Eyeing Further Growth, Social Marketer Spredfast Nabs Another $50M
Austin—Social media marketing software company Spredfast has raised $50 million, bringing its total funding raised to $116 million.
Riverwood Capital, a private equity firm based in Menlo Park, CA, led the round. Also participating were return backers Austin Ventures, Interwest Partners, OpenView Venture Partners, and Lead Edge Capital.
“Social media is super dynamic in the product innovation market,” Spredfast CEO Rod Favaron tells Xconomy. “We’ll continue to innovate our product, deeper and wider.”
He says the company will also use the money to further expand globally, especially by beefing up its offices in Europe and Asia. Spredfast now employs more than 500 people across five international offices, and has more than 650 customers, including Target, Bank of America, ITV, Airbnb, and NBC Universal.
The company last raised $33 million two years ago. Since that time, Spredfast has acquired smaller competitors such as Wisconsin-based Shoutlet and hometown rival Mass Relevance.
What Spredfast specializes in, Favaron says, is “one-to-one social care marketing.”
“We did some research this spring and the top brands we looked at much of the [marketing] content was one-to-one, instead of one-to-many,” he says. “We’re seeing the amplification of using social as a conversational channel. That’s helped us form our product roadmap and strategy.”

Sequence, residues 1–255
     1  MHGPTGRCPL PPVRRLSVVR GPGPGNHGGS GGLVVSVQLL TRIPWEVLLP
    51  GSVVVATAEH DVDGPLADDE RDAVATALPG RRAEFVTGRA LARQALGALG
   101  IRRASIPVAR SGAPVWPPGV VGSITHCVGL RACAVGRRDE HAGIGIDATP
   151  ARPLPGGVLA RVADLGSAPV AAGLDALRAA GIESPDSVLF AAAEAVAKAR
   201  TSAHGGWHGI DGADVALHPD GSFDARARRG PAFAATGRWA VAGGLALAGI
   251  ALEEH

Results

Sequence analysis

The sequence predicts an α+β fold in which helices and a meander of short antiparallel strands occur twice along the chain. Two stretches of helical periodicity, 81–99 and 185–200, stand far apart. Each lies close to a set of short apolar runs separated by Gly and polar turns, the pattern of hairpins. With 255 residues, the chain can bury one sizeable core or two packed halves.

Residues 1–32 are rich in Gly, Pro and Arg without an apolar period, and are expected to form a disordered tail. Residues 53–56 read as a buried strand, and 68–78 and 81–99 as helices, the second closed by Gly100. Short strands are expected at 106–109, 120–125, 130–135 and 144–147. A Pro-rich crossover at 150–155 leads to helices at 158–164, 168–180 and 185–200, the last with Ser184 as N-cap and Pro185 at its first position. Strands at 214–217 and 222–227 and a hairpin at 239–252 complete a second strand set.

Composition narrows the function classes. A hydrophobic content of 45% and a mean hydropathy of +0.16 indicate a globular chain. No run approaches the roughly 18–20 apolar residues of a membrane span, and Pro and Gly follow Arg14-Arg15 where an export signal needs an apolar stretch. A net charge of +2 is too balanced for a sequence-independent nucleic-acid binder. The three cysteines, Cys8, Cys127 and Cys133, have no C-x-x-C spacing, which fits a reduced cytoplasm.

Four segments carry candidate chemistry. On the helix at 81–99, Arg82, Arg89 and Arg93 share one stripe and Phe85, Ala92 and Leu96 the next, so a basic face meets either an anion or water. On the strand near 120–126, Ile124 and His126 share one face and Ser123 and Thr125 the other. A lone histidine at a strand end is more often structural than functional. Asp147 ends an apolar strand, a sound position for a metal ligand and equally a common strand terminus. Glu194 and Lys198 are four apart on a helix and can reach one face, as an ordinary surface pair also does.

As social media has evolved to encompass high-bandwidth video, more technical resources are needed to support all the exchanges happening around the world, Favaron says. Retailers can have more dynamic conversations with their customers by using social media, he says.
“You can take an Instagram post and share it on your website,” he says. “You link that content to your e-commerce page and drive traffic.”
As venture capital continues to pour into Spredfast, going public increasingly seems like an option, though Favaron is mostly keeping mum.
“It’s entirely possible that we take the company public, though we’re not prepared to talk about it,” he says. “But I think the market will support that.”
Still, he added that there are advantages to staying small enough to adapt to a fast-changing set of technologies. “This market won’t be won by a big player long term,” Favaron says. “The winner will focused and nimble.”